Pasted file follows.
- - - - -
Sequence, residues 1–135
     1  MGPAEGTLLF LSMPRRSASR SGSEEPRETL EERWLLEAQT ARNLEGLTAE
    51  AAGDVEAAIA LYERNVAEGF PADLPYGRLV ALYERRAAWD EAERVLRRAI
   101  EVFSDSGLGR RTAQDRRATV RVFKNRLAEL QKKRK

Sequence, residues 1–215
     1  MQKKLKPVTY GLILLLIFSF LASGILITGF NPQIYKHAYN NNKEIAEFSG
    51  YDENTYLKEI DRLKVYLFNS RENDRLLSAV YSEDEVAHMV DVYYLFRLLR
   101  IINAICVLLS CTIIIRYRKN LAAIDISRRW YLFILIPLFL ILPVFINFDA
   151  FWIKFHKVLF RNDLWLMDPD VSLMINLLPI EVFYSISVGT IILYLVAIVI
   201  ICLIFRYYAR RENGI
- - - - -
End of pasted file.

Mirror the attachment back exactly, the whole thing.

Sequence, residues 1–135
     1  MGPAEGTLLF LSMPRRSASR SGSEEPRETL EERWLLEAQT ARNLEGLTAE
    51  AAGDVEAAIA LYERNVAEGF PADLPYGRLV ALYERRAAWD EAERVLRRAI
   101  EVFSDSGLGR RTAQDRRATV RVFKNRLAEL QKKRK

Sequence, residues 1–215
     1  MQKKLKPVTY GLILLLIFSF LASGILITGF NPQIYKHAYN NNKEIAEFSG
    51  YDENTYLKEI DRLKVYLFNS RENDRLLSAV YSEDEVAHMV DVYYLFRLLR
   101  IINAICVLLS CTIIIRYRKN LAAIDISRRW YLFILIPLFL ILPVFINFDA
   151  FWIKFHKVLF RNDLWLMDPD VSLMINLLPI EVFYSISVGT IILYLVAIVI
   201  ICLIFRYYAR RENGI